coaching cricket Games based learning player development practice

Jail-break cricket – another variant for CGBL

Here is a game variant that can be used to encourage players to apply a specified batting technique in a practice session.

We call it “jail-break cricket” – players are challenged to hit a ball to a specified target area to release team mates who have been “sent to jail”.

The game encourages the batter to play a particular stroke, so could work well as the final, modified game in a whole-part-whole session.

It also teaches team spirit (it is amazing how quickly the “jailed” players come to actively encourage their batting team mates) and introduces the concepts of responsibility and consequence – if you are the last “free” batter, you really do need to try to hit the target to free your team mates; if you are dismissed, you go to jail, and if the last batter does not release his team mates the innings closes.

N.B. I did not invent this format, but have only adopted (and adapted) it from others.  But it works so well I wanted to share it.

coaching Games based learning practice psychology

2014 – nearly over (2): CPD – coaching “children” and “young people & adults”

Over the last few months, I have been working my way through the new ECB CPD courses for level 2 coaches.

The new courses are presented in two distinct streams – Coaching children and Coaching Young People & Adults (YPA).

Interesting, though, in the light of my experiences this year coaching players aged 3 and 63, that the “Coaching children” workshops all look to be just as important for the YPA environment (13 and older) as for children.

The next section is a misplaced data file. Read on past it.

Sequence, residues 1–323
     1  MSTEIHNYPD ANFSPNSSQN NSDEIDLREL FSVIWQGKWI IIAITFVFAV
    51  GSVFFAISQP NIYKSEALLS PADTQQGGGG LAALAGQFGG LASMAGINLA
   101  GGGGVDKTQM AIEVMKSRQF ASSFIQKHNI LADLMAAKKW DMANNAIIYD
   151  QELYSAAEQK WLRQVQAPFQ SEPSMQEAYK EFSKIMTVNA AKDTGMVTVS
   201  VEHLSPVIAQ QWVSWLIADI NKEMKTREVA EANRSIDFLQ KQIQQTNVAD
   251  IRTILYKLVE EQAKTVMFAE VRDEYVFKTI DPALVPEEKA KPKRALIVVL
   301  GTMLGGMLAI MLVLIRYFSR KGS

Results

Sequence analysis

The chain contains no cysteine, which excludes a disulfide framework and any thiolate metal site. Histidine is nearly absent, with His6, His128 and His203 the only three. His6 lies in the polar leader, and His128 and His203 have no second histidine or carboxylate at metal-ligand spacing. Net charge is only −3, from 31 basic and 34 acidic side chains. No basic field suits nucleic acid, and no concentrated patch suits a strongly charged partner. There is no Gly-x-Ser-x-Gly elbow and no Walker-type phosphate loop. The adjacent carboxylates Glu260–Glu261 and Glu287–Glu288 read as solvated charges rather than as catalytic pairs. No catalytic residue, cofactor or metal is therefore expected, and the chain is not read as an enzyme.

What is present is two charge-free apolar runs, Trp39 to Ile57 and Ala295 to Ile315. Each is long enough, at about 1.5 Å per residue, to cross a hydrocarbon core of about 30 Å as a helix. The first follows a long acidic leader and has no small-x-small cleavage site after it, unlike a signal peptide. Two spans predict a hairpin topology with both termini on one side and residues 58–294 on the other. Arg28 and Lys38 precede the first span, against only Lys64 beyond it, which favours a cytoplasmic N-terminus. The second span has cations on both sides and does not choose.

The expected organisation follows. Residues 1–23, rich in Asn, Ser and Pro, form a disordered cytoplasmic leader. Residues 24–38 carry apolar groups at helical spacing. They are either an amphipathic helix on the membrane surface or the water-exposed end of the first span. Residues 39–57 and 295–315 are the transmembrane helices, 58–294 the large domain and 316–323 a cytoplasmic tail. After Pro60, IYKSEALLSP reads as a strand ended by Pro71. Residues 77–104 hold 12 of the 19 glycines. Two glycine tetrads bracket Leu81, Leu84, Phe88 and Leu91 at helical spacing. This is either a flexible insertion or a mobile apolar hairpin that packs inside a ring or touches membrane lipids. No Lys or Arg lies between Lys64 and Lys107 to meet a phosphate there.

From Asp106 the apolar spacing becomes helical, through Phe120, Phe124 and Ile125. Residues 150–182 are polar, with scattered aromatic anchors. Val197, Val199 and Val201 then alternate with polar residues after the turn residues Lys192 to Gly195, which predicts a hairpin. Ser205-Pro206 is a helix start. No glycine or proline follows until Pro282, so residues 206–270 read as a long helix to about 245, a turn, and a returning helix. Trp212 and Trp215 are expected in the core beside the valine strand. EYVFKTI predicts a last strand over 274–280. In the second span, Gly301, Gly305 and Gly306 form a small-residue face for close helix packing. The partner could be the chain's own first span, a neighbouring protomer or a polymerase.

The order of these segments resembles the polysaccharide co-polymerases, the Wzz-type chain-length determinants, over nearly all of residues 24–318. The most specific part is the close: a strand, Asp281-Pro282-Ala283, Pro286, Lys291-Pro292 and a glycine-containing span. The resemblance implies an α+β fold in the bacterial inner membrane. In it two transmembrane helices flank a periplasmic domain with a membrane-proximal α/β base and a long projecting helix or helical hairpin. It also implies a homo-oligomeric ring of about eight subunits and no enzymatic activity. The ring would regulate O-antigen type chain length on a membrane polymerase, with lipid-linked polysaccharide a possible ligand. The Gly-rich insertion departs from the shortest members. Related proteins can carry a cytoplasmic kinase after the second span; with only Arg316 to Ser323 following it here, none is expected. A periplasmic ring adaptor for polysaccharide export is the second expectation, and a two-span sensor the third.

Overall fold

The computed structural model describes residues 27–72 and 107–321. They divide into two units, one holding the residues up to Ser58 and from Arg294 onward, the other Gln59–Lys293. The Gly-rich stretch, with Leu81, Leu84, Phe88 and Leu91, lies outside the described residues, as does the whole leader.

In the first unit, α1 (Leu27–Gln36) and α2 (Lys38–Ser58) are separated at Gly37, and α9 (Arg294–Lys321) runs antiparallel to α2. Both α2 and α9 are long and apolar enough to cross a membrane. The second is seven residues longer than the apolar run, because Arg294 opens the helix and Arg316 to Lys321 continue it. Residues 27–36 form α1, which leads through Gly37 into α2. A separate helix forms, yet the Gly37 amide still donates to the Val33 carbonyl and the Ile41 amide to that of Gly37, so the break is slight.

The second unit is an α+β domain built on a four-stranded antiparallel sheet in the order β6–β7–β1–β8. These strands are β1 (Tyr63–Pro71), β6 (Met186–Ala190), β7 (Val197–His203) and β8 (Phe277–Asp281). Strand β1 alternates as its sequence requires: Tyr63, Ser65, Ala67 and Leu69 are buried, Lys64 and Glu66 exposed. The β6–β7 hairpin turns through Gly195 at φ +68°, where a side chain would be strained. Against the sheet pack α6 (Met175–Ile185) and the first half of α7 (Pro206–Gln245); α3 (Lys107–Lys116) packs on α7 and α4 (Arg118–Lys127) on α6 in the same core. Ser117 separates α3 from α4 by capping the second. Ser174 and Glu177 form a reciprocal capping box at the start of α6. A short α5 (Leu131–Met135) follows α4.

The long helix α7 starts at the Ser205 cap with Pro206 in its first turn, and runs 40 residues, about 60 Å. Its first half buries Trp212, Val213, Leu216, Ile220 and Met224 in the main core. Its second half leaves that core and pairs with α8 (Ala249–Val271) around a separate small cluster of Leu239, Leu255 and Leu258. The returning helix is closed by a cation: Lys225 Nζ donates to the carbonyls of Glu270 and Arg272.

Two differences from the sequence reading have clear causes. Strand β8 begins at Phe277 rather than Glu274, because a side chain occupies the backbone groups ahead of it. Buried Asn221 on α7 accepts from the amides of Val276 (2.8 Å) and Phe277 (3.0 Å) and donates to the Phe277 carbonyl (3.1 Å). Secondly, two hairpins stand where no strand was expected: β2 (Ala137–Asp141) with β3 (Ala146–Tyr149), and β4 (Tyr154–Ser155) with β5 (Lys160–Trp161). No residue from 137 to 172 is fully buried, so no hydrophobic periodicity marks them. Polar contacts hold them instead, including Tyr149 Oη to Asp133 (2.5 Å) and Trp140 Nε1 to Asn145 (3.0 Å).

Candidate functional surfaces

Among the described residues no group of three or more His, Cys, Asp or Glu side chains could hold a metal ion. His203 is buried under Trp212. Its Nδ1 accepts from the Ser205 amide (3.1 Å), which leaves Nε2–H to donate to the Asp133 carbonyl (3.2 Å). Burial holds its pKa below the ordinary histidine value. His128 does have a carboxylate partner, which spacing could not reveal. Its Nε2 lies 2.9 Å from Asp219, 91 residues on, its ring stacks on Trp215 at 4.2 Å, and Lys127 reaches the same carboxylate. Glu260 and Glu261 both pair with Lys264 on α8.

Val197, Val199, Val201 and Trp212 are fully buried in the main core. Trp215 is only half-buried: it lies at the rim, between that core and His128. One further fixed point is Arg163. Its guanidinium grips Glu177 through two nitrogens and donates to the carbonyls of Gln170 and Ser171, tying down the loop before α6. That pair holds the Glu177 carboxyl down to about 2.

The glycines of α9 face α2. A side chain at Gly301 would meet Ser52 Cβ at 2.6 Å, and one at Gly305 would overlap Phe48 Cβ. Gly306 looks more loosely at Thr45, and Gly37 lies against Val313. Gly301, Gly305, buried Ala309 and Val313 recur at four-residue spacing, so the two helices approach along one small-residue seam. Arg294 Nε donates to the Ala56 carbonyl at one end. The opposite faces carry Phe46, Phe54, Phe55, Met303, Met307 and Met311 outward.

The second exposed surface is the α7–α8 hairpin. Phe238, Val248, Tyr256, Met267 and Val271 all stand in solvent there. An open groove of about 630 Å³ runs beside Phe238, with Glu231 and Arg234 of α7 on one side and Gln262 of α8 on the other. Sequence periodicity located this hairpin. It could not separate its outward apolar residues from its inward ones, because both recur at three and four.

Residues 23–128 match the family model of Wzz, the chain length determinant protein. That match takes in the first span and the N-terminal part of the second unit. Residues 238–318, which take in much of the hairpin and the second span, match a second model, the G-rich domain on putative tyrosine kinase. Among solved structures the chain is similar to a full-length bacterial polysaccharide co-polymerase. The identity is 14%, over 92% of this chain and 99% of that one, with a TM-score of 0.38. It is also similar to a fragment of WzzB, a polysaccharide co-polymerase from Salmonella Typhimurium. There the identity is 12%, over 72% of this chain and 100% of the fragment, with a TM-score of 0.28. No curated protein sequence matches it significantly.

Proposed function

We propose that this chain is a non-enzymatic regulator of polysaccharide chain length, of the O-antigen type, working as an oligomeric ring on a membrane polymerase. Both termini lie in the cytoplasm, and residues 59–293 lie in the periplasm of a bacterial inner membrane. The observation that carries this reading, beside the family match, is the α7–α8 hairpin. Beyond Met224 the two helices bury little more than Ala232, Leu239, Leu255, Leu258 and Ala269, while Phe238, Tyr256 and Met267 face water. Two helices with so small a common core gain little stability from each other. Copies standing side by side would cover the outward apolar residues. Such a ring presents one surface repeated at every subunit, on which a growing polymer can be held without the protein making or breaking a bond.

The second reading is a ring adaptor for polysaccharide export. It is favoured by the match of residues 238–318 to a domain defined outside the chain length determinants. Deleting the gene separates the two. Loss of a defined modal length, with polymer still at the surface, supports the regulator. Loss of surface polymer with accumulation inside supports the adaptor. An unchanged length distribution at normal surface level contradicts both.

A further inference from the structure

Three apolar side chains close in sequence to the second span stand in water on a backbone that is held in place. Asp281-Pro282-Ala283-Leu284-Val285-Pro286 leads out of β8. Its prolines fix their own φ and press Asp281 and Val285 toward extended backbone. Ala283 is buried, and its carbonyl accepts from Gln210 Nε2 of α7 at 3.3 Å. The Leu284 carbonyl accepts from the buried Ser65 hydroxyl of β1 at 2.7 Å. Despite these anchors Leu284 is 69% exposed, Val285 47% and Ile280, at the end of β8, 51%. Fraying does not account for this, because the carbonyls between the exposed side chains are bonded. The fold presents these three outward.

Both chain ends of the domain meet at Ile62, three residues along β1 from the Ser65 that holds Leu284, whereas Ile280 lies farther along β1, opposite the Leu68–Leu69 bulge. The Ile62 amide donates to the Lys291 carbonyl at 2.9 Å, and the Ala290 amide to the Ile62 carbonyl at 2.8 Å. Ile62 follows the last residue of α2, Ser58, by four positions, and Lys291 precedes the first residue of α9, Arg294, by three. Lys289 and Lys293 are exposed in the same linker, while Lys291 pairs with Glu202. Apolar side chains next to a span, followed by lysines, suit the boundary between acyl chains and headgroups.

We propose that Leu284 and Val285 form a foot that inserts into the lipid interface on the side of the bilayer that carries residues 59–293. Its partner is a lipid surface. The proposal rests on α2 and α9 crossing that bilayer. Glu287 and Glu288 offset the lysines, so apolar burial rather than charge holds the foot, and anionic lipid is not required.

coaching cricket Games based learning Good cricket player development

We all like to play games…so why must practice be so dull?

We all love playing games.  Or we wouldn’t spend our summer weekends on the cricket field, and our winter evenings in the nets.

So why, when we practice, do we revert to formal instruction?  Left elbow high, alignment, 5 minutes with the bowling machine delivering leg stump half volleys to really groove that on drive.  Why don’t we play, more?

If I am honest, one of my motivations for becoming a cricket coach was that I enjoy playing (cricket and most games). “Giving something back to the game” and earning a living are important drivers, but passing on the enjoyment of playing (and being able to play more games myself) is an important part of my self-motivation.

Since qualifying, I have perhaps been inhibited by the need to demonstrate the value of structured coaching, to players, parents, even to myself. Which is why I am keen to follow the lead of the ECB Coach Education and introduce more cricket games-based learning (CGBL) to my sessions, with players young and old.